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16 April 2003 @ 06:31 pm
Unite your insecurities, laughter is divisive.  
I cannot look him in the eyes.

I remember one of my first journals that I had ... in it, in an amazingly small hand, neatly printed with black ballpoint ink ... I recounted my "adventures" of the years immediately prior. A lot of these had to do with body image and my "freak" status amongst my "peers," because I have long been "concerned" with appearance and had long been ostracized. At that time, both feelings were particularly strong, and each reinforced the desperation of the other.

I remember being really, really upset when I weighed in over 100 pounds for the first time, back in seventh grade. I was a twig of a kid prior to that and did a lot of dancing, so it seemed as though I would never break that three-digit "limit." After I quit dance, I kept on hoping that it wouldn't happen, though I knew it couldn't be so. My muscles got weaker, jiggle like my grandmother's appeared, and my stomach stuck out further and further by the day, it seemed. I wrote (no larger than size 10 Times New Roman) that I had to suck it in, because I was afraid of what would happen if they found out that I "wasn't really as skinny as I looked." I didn't want to break into those huge numbers, dreaded it. It would only reveal how much fatter and out of shape I was getting, how flawed my body truly was. I would have to face this over and over again in the arrow flickering towards numbers that my parents weighed in at, and in my mind.

I was deeply upset with myself when my mother revealed that she had clocked in at around eighty pounds when she graduated from high school (she's very small). It had been so long since I had weighed only eighty! Was this the beginning of my gradual descent into obesity?

But I kept these feelings a secret. For when you are "slender," people laugh at you when you are concerned about the way your body looks, and laughter never helps to ease such doubts.

Now, years later, I no longer weigh myself unless its absolutely required for something (say, doctor's appointment prior to surgery). I do not own a scale, do not seek out the one at home, do not guesstimate and try not to read magazines that emphasize a weight that I can no longer obtain (added height since those years would probably make it unhealthy). I lambast many of this type of publication in my art and writing.

I suppose it is both a new confidence and the manifestation of a frightened little girl, all at the same time. I am what I am (and I am aware of what I am, I need no arrow to tell me). Now I highlight my flaws, because they are such an intrinsic part of me. You must come to know me with my flaws and see them for what they are, not avoid their existence. When I am able to disguise my angers and insecurities and reveal only that which I am skilled at, people laud me as an exemplary individual, and I have never felt truly comfortable with such a situation. It makes me laugh, now, when I think about the goals I had when I first joined AGV ... I wished to learn about and control the darker aspects of my personality, amongst other things. But in reality, by hiding them and by trying to be the most perfect, best member I could be, I probably only increased the potency of my anger, fear, and cruelty, all waiting deep beneath the pleasantly veneered surface. Certainly it didn't help that all the while I was the shining happy one, I was sinking further into exhaustion and depression. But hiding matters so close to the core does not often help ease them.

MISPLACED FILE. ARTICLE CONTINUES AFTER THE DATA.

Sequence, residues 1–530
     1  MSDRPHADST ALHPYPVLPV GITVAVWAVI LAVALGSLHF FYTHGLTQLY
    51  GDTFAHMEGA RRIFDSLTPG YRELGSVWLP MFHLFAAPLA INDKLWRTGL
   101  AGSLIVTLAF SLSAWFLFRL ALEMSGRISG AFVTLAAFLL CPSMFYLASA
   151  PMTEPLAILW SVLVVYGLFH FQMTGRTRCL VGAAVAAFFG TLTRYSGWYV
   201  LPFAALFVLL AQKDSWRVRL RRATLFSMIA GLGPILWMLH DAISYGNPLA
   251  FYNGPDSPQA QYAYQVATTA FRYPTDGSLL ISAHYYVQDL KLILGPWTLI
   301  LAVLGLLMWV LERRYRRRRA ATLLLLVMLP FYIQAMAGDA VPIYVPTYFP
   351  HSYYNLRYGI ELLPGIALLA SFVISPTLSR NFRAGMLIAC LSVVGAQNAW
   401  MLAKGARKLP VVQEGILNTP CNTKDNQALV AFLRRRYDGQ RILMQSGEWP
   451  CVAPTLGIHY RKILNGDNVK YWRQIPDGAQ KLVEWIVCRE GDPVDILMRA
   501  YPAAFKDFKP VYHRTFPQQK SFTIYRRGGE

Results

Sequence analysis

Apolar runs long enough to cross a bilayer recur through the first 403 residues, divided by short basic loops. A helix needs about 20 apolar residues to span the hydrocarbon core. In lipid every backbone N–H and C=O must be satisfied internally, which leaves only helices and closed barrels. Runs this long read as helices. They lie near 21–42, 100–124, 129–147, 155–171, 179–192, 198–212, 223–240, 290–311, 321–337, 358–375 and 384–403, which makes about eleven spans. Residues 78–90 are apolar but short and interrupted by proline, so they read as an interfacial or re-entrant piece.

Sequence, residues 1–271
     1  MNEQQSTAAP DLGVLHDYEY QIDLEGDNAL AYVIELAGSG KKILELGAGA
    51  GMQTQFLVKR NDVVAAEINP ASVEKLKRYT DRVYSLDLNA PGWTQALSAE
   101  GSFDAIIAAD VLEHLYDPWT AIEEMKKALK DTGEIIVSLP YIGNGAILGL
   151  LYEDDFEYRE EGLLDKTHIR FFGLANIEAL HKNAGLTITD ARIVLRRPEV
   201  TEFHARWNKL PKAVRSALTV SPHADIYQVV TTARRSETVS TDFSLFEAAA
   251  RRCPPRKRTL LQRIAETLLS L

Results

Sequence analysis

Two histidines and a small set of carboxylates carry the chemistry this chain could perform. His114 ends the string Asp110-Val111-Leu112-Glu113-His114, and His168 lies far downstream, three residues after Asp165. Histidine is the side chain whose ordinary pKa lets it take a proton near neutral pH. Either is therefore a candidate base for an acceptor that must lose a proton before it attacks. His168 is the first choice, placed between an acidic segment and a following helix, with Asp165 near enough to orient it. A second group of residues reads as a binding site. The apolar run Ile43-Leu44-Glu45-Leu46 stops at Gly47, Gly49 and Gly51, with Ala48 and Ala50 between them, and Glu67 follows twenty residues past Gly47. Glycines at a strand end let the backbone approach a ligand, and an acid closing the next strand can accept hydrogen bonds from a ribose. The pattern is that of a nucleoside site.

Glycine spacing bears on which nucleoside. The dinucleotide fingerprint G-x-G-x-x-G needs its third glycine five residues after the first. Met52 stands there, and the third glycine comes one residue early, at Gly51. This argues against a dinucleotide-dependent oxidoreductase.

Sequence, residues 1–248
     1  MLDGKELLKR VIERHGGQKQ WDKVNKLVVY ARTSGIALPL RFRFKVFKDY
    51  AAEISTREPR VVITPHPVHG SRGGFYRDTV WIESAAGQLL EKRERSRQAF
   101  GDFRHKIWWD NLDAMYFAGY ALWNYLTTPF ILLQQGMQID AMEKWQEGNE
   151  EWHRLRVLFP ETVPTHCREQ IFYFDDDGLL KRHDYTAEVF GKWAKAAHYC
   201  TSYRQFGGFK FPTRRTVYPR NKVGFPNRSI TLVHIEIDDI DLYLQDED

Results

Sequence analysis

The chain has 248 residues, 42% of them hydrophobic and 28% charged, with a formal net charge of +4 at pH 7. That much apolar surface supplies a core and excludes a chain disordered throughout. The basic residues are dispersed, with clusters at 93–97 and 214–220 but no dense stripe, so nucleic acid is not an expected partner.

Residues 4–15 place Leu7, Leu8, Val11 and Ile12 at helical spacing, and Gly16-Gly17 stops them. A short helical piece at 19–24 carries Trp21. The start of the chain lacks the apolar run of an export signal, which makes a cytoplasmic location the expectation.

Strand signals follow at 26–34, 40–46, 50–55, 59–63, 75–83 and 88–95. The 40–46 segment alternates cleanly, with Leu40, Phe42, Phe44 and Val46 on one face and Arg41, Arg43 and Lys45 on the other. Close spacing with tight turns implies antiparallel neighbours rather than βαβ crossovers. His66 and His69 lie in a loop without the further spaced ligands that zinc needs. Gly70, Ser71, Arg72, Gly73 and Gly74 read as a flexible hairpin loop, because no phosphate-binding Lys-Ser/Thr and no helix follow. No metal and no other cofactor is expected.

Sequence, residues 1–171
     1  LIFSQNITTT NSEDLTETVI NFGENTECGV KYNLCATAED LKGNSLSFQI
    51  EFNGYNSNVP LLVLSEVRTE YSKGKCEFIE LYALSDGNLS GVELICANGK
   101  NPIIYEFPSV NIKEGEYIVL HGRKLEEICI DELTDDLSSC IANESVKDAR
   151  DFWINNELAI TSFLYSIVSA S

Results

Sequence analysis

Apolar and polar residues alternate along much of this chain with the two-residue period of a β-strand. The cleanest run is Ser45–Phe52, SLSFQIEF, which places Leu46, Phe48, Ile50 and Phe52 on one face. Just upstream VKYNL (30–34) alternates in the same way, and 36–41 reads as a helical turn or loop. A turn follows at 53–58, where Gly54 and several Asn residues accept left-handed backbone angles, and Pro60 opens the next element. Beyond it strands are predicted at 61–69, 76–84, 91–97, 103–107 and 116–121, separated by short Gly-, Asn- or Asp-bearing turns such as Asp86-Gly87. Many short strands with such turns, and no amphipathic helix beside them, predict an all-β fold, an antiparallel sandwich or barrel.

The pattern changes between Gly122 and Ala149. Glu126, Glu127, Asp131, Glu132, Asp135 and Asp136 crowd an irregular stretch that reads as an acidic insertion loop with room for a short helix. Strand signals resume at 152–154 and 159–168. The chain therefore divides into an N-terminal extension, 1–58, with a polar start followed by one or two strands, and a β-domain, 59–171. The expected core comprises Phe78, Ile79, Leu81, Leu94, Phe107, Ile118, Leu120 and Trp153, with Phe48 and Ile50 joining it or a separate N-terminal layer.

I do not know if anyone understands or sees the strictness by which I still control my existence and standards. I am frequently convinced that others think I am a weak or uncontrolled individual, but that can be no further from the truth. Sometimes my own demands of myself are too much, and my emotions slip backwards (I suck, what was I thinking, I'm so stupid, such a dork). But the more controlled I am, the less vulnerable I am to the idiocy of those who do not know any better. Certainly it hurts all the same, but I like think I present a smaller target.

The option that college gave me to isolate myself in location, and at the same time be even more selective with who I wish to associate with, in addition to my hidden mind and soul, has been very helpful in avoiding the type of those who caused such pain in the past. It was never really possible in high school or prior, because I was with the same limited number of people from dawn until dusk, from kindergarten to graduation. They were always there, and I could not escape them. Small wonder I left all yearbooks behind when I came to school!
 
 
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Jdrunkontea on April 16th, 2003 04:52 pm (UTC)
I know how you feel. I (recently) got to the point where I was afriad I was gaining weight. I used to play lacrosse, and was in shape then, but when I quit, I worried that I'd become fat. I have gained weight, and have a belly now...and I suck it in (>> my friend poke and pinch me...). I know how it feels to have no one to talk to because everyone thinks I'm thin and have no right to complain about my fat. Unfortunatly, I haven't gotten to the level of your security. ^^;; (I still suck in my stomach from time to time -.-') Maybe college may help for me, too...maybe not. Your entry really help, though, in letting me realize that normal people do have their insecurities (although I already knew that, your entry gave me a look into a real person's thoughts).